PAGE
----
We tend to treat major purchases like houses, cars, and degrees as “special” because of the price tag. They are indeed special and can definitely be good investments. But what about the smaller purchases that also have a big impact on your life? They are important too, especially when it comes to your pocketbook.
Even though buying things like a new bed, a better toothbrush, a pair of jeans, or a more efficient vacuum don’t carry the same price tag as a new home, they can still be thought of as investment assets. Only, instead of having a good resale value or paying quarterly dividends, these sorts of everyday investments save you money over their lifespan. They provide utility and a compounding value in cash not spent, rather than adding cash to your portfolio. If you do your shopping with a credit card, it becomes even easier to turn routine spending into investing — if you do it correctly.
So, how can you retrain your brain and your budget to turn “shopping” into “investing”?
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Investing 101: Spending Money to Save Money
All investing follows a similar pattern: you spend money now, under the assumption that you will get more later. While that normally relies on compound interest or a growth in value (appreciation), it is also possible to invest in something that helps you avoid spending money. When that “something” is a necessity — a product or service you were going to have to buy anyway — being smart about how you purchase it can turn it into a money-saving investment.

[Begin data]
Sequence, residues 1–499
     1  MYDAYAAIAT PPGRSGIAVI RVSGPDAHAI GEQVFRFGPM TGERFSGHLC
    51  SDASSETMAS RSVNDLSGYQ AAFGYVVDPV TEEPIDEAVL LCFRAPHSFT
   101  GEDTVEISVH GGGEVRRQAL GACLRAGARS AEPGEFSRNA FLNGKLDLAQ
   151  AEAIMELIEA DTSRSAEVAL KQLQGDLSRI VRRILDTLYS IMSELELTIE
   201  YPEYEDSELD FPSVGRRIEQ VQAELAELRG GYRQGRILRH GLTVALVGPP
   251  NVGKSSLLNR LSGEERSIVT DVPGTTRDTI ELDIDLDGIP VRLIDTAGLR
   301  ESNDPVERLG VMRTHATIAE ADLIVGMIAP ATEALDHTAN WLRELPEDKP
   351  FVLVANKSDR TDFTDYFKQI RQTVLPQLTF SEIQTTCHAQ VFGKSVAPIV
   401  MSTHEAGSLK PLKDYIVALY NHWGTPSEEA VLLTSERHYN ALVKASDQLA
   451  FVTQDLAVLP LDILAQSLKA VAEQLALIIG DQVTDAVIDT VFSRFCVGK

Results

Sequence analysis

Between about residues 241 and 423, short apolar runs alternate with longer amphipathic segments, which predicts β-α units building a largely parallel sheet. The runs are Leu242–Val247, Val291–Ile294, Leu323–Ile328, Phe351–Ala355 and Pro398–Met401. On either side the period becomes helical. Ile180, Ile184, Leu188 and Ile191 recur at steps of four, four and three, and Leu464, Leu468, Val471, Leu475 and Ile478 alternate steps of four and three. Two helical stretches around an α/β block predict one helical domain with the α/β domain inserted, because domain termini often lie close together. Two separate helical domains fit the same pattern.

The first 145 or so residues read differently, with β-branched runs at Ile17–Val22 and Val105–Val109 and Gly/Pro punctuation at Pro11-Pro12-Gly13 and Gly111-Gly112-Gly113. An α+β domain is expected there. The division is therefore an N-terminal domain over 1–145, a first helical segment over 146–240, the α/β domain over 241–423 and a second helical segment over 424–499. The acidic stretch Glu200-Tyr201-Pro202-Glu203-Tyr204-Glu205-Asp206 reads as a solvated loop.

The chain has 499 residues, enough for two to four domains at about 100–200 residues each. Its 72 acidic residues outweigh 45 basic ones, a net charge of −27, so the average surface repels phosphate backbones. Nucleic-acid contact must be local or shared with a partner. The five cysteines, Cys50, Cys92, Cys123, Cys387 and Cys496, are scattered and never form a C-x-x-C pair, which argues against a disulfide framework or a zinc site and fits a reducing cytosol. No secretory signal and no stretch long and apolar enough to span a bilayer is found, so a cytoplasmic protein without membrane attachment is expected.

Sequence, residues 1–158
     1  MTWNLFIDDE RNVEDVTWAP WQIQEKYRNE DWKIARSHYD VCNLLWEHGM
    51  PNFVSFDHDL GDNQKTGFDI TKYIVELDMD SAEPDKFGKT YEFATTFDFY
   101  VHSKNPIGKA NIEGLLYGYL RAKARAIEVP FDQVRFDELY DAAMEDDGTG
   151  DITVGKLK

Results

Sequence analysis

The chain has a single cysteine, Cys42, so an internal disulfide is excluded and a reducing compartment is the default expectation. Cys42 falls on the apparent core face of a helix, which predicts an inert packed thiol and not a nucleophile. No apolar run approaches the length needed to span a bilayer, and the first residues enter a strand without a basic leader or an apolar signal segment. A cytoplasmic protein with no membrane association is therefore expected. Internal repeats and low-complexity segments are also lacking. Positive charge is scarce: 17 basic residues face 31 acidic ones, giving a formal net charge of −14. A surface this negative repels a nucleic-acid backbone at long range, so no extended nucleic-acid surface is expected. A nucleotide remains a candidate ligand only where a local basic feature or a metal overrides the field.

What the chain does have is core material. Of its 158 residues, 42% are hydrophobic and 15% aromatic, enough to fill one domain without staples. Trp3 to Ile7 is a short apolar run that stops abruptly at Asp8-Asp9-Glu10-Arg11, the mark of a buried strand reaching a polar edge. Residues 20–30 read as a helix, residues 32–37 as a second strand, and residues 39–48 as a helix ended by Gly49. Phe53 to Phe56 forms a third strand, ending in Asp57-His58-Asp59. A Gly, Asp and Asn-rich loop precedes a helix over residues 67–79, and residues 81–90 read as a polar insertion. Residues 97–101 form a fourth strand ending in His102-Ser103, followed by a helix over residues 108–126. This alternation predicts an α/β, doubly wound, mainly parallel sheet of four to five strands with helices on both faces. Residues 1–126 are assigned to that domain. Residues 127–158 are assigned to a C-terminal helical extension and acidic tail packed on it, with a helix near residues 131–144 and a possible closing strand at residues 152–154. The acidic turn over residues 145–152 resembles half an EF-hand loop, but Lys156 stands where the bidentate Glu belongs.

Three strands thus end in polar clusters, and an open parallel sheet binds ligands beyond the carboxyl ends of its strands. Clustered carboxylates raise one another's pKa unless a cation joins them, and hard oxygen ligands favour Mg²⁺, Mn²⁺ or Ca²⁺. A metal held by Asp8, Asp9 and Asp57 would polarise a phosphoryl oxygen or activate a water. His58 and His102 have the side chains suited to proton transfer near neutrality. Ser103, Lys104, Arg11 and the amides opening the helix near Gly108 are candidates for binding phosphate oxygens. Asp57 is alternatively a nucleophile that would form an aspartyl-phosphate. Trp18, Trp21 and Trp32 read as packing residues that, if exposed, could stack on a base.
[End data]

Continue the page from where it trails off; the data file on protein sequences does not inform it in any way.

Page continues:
For example, buying a new bed could be considered both an investment and a necessity. We spend one-third of our time sleeping, so it makes sense to buy a good quality mattress that you’ll likely be using for the next 15-20 years. A good night’s sleep could be considered priceless, since it affects your health, your mood, your ability to work — basically your entire life. Getting enough quality sleep can make you more productive and healthier, saving you money on medical bills while increasing your ability to go out and earn. Sure, that mattress isn’t going to turn into a hefty lump sum when you are done with it, but the value it provides while you are using it does translate into serious money in a different way.